Exploring the lost world of the lighthousekeeper
PUBLISHED: 10:00 10 August 2020 | UPDATED: 14:28 10 August 2020
The lighthouse at The Needles may be one of the enduring symbols of the Isle of Wight, but does it still have a role in the 21st century?
"I know exactly what you're going to do and say all the time!" So shouted the two feuding lighthouse keepers at each other across the kitchen table, exhausted with each other's company after 12 years together in the same lighthouse. One hated the other for always whistling EastEnders while making the tea, while he was hated in return for repeatedly opening a packet of biscuits the wrong way.
It was a piece of classic comedy performed by Mel Smith and Griff Rhys Jones called the Predictable Lighthouse Keepers and was an amusing skit, albeit a slightly unkind one.
It wouldn't happen now in real life because lighthouse keepers are a thing of the past in Britain. It is over 25 years since the lighthouse at The Needles off the Isle of Wight was automated and the keepers left for the last time. It is now controlled remotely by Trinity House from an operations centre at Harwich and it is the same for Hampshire's other lighthouses at Hurst Point, St Catherine's Point and Nab Tower.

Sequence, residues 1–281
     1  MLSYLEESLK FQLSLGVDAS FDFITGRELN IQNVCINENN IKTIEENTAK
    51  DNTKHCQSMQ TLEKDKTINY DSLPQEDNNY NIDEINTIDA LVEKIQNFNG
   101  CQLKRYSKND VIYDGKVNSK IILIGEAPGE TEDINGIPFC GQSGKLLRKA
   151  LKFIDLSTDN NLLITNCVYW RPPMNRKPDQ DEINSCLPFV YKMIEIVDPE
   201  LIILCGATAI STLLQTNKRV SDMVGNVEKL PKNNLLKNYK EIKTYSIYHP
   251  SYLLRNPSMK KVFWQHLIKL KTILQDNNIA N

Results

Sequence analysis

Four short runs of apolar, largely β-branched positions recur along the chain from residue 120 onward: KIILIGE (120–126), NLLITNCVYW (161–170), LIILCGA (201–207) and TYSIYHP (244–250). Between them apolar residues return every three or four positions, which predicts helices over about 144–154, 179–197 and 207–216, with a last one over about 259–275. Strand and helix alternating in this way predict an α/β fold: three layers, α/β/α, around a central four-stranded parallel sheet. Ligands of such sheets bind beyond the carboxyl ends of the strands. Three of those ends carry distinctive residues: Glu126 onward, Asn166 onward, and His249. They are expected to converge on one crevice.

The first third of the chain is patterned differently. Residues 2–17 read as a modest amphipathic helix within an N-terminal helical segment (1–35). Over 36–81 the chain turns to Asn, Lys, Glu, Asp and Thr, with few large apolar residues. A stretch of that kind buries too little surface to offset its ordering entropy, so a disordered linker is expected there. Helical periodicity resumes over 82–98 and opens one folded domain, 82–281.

Life was never easy for the keepers when they lived at places such as Needles Lighthouse. Gerry Douglas-Sherwood, former president of the Association of Lighthouse Keepers, had a 28-year career on lighthouses. He had short spells at St Catherine's and Nab Tower - describing his time at the latter "a grim and very curious experience" - but it is his 12-and-a-half years at Needles that he remembers most.